How To Set Up Software RAID1 On A Running LVM System (Incl. GRUB Configuration) (Debian Lenny) - Page 4

Want to support HowtoForge? Become a subscriber!
 
Submitted by falko (Contact Author) (Forums) on Sun, 2009-09-06 17:09. ::

8 Testing

Now let's simulate a hard drive failure. It doesn't matter if you select /dev/sda or /dev/sdb here. In this example I assume that /dev/sdb has failed.

To simulate the hard drive failure, you can either shut down the system and remove /dev/sdb from the system, or you (soft-)remove it like this:

mdadm --manage /dev/md0 --fail /dev/sdb1
mdadm --manage /dev/md1 --fail /dev/sdb5

mdadm --manage /dev/md0 --remove /dev/sdb1
mdadm --manage /dev/md1 --remove /dev/sdb5

Shut down the system:

shutdown -h now

Then put in a new /dev/sdb drive (if you simulate a failure of /dev/sda, you should now put /dev/sdb in /dev/sda's place and connect the new HDD as /dev/sdb!) and boot the system. It should still start without problems.

Now run

cat /proc/mdstat

and you should see that we have a degraded array:

server1:~# cat /proc/mdstat
Personalities : [raid1]
md1 : active raid1 sda5[0]
      4988032 blocks [2/1] [U_]

md0 : active raid1 sda1[0]
      248896 blocks [2/1] [U_]

unused devices: <none>
server1:~#

The output of

fdisk -l

should look as follows:

server1:~# fdisk -l

Disk /dev/sda: 5368 MB, 5368709120 bytes
255 heads, 63 sectors/track, 652 cylinders
Units = cylinders of 16065 * 512 = 8225280 bytes
Disk identifier: 0x0004a259

   Device Boot      Start         End      Blocks   Id  System
/dev/sda1   *           1          31      248976   fd  Linux raid autodetect
/dev/sda2              32         652     4988182+   5  Extended
/dev/sda5              32         652     4988151   fd  Linux raid autodetect

Disk /dev/sdb: 5368 MB, 5368709120 bytes
255 heads, 63 sectors/track, 652 cylinders
Units = cylinders of 16065 * 512 = 8225280 bytes
Disk identifier: 0x00000000

Disk /dev/sdb doesn't contain a valid partition table

Disk /dev/md0: 254 MB, 254869504 bytes
2 heads, 4 sectors/track, 62224 cylinders
Units = cylinders of 8 * 512 = 4096 bytes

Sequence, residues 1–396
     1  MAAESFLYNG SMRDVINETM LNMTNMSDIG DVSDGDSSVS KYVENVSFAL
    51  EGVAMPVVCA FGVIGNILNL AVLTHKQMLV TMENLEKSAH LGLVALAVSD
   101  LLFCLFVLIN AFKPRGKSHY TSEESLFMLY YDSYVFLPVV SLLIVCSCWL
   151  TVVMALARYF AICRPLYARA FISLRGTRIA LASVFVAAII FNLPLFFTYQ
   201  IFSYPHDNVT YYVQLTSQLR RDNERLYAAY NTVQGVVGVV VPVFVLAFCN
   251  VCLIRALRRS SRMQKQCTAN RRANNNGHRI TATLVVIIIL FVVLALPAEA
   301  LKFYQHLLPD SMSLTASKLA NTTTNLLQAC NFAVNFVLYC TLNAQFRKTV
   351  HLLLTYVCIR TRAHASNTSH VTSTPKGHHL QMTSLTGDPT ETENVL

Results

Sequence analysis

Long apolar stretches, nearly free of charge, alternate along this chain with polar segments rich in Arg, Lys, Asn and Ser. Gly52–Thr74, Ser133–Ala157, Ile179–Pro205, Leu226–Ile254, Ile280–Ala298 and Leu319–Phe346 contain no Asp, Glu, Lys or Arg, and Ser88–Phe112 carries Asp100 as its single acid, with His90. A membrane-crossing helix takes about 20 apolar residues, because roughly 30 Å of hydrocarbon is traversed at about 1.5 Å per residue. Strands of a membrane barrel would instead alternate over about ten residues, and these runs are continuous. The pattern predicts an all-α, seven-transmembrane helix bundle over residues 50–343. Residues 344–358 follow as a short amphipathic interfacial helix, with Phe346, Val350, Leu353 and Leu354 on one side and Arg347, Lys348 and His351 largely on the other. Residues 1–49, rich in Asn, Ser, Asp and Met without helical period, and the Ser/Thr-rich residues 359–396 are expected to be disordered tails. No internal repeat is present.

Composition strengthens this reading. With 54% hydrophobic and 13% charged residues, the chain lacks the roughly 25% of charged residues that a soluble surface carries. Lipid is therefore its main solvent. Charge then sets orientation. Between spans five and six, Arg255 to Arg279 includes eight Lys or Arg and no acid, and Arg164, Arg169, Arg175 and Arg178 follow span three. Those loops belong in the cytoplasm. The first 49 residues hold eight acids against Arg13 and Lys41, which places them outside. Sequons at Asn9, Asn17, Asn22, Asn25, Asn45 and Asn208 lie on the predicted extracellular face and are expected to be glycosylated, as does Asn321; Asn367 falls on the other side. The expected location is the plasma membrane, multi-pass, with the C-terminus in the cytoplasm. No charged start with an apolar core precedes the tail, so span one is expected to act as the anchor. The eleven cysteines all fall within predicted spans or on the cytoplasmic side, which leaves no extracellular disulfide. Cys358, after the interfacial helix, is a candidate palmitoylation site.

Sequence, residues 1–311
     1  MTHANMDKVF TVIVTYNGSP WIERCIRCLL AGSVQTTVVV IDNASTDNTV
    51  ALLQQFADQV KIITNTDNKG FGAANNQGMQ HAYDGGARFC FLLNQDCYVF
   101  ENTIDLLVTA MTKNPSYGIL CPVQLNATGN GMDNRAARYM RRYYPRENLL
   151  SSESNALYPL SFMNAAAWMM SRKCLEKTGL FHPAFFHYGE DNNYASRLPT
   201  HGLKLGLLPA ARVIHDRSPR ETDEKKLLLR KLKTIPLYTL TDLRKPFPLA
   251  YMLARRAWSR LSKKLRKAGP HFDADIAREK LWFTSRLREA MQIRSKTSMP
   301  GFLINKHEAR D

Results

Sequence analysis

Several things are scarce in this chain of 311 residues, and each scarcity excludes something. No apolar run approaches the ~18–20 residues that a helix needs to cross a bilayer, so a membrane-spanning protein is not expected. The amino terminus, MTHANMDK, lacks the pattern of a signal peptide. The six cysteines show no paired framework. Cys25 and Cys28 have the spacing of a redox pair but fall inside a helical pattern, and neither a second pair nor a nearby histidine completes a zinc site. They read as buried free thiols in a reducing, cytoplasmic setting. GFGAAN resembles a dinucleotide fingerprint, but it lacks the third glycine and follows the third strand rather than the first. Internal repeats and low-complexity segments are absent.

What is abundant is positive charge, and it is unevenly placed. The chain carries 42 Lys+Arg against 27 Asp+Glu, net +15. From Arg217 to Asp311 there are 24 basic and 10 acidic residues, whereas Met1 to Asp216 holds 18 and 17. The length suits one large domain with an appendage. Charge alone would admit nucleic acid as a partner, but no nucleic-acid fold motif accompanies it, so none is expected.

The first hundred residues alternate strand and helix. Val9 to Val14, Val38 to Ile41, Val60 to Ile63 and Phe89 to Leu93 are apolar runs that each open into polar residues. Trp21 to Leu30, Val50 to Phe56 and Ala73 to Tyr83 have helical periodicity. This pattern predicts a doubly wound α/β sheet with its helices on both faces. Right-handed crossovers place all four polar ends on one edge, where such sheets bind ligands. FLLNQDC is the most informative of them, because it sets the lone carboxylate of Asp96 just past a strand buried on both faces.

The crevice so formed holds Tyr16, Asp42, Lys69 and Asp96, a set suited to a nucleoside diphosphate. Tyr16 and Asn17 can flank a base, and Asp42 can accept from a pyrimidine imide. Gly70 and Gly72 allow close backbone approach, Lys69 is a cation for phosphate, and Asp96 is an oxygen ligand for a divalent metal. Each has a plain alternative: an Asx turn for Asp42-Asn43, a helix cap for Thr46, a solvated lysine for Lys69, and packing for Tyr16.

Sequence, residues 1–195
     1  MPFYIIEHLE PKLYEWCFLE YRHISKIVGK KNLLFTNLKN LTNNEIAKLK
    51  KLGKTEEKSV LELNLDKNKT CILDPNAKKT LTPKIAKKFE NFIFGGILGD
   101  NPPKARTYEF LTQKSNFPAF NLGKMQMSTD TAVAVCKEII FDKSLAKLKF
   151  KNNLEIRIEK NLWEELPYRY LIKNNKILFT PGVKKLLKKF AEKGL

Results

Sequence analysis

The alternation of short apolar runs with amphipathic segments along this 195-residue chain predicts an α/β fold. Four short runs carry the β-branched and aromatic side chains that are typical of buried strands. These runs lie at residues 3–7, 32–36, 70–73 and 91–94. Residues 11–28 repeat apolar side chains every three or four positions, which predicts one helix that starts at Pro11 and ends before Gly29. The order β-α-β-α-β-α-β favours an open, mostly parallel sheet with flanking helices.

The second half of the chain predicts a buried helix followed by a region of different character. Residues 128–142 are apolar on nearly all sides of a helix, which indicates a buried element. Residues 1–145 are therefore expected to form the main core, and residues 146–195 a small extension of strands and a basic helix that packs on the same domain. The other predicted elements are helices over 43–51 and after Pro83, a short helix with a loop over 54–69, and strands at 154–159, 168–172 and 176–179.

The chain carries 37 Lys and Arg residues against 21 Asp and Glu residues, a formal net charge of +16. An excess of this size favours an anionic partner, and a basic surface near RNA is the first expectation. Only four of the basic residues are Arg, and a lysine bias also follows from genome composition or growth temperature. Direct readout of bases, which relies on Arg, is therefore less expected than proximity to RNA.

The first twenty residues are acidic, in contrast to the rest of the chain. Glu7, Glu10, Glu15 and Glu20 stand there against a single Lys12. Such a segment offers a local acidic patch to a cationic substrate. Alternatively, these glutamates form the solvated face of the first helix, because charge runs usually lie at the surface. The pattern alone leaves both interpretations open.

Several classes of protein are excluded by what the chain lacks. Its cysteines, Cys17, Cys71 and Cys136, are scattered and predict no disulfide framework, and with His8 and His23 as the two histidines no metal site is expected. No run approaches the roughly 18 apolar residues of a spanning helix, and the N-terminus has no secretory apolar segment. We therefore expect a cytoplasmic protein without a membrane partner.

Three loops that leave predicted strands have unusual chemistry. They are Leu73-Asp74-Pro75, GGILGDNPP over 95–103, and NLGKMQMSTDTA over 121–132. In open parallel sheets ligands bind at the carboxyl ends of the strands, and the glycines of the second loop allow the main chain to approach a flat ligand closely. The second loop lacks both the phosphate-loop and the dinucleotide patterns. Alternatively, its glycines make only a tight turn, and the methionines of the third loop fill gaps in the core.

Disk identifier: 0x00000000

Disk /dev/md0 doesn't contain a valid partition table

Disk /dev/md1: 5107 MB, 5107744768 bytes
2 heads, 4 sectors/track, 1247008 cylinders
Units = cylinders of 8 * 512 = 4096 bytes
Disk identifier: 0x00000000

Disk /dev/md1 doesn't contain a valid partition table

Disk /dev/dm-0: 4496 MB, 4496293888 bytes
255 heads, 63 sectors/track, 546 cylinders
Units = cylinders of 16065 * 512 = 8225280 bytes
Disk identifier: 0x00000000

Disk /dev/dm-0 doesn't contain a valid partition table

Disk /dev/dm-1: 608 MB, 608174080 bytes
255 heads, 63 sectors/track, 73 cylinders
Units = cylinders of 16065 * 512 = 8225280 bytes
Disk identifier: 0x00000000

Disk /dev/dm-1 doesn't contain a valid partition table
server1:~#

Now we copy the partition table of /dev/sda to /dev/sdb:

sfdisk -d /dev/sda | sfdisk /dev/sdb

(If you get an error, you can try the --force option:

sfdisk -d /dev/sda | sfdisk --force /dev/sdb

)

server1:~# sfdisk -d /dev/sda | sfdisk /dev/sdb
Checking that no-one is using this disk right now ...
OK

Disk /dev/sdb: 652 cylinders, 255 heads, 63 sectors/track

sfdisk: ERROR: sector 0 does not have an msdos signature
 /dev/sdb: unrecognized partition table type
Old situation:
No partitions found
New situation:
Units = sectors of 512 bytes, counting from 0

   Device Boot    Start       End   #sectors  Id  System
/dev/sdb1   *        63    498014     497952  fd  Linux raid autodetect
/dev/sdb2        498015  10474379    9976365   5  Extended
/dev/sdb3             0         -          0   0  Empty
/dev/sdb4             0         -          0   0  Empty
/dev/sdb5        498078  10474379    9976302  fd  Linux raid autodetect
Successfully wrote the new partition table

Re-reading the partition table ...

If you created or changed a DOS partition, /dev/foo7, say, then use dd(1)
to zero the first 512 bytes:  dd if=/dev/zero of=/dev/foo7 bs=512 count=1
(See fdisk(8).)
server1:~#

Afterwards we remove any remains of a previous RAID array from /dev/sdb...

mdadm --zero-superblock /dev/sdb1
mdadm --zero-superblock /dev/sdb5

... and add /dev/sdb to the RAID array:

mdadm -a /dev/md0 /dev/sdb1
mdadm -a /dev/md1 /dev/sdb5

Now take a look at

cat /proc/mdstat

server1:~# cat /proc/mdstat
Personalities : [raid1]
md1 : active raid1 sdb5[2] sda5[0]
      4988032 blocks [2/1] [U_]
      [======>..............]  recovery = 31.1% (1556160/4988032) finish=0.6min speed=81903K/sec

md0 : active raid1 sdb1[1] sda1[0]
      248896 blocks [2/2] [UU]

unused devices: <none>
server1:~#

Wait until the synchronization has finished:

server1:~# cat /proc/mdstat
Personalities : [raid1]
md1 : active raid1 sdb5[1] sda5[0]
      4988032 blocks [2/2] [UU]

md0 : active raid1 sdb1[1] sda1[0]
      248896 blocks [2/2] [UU]

unused devices: <none>
server1:~#

Then run

grub

and install the bootloader on both HDDs:

root (hd0,0)
setup (hd0)
root (hd1,0)
setup (hd1)
quit

That's it. You've just replaced a failed hard drive in your RAID1 array.

 

9 Links


Please do not use the comment function to ask for help! If you need help, please use our forum.
Comments will be published after administrator approval.
Submitted by palcica (not registered) on Fri, 2010-02-05 23:20.

And what should you do when you upgrade your system (kernel) with apt-get dist-upgrade?!?

 When I did it... raid doesn't work :( (when i unplugged one of disks, system can't boot)

 Thanks for answer!

 regards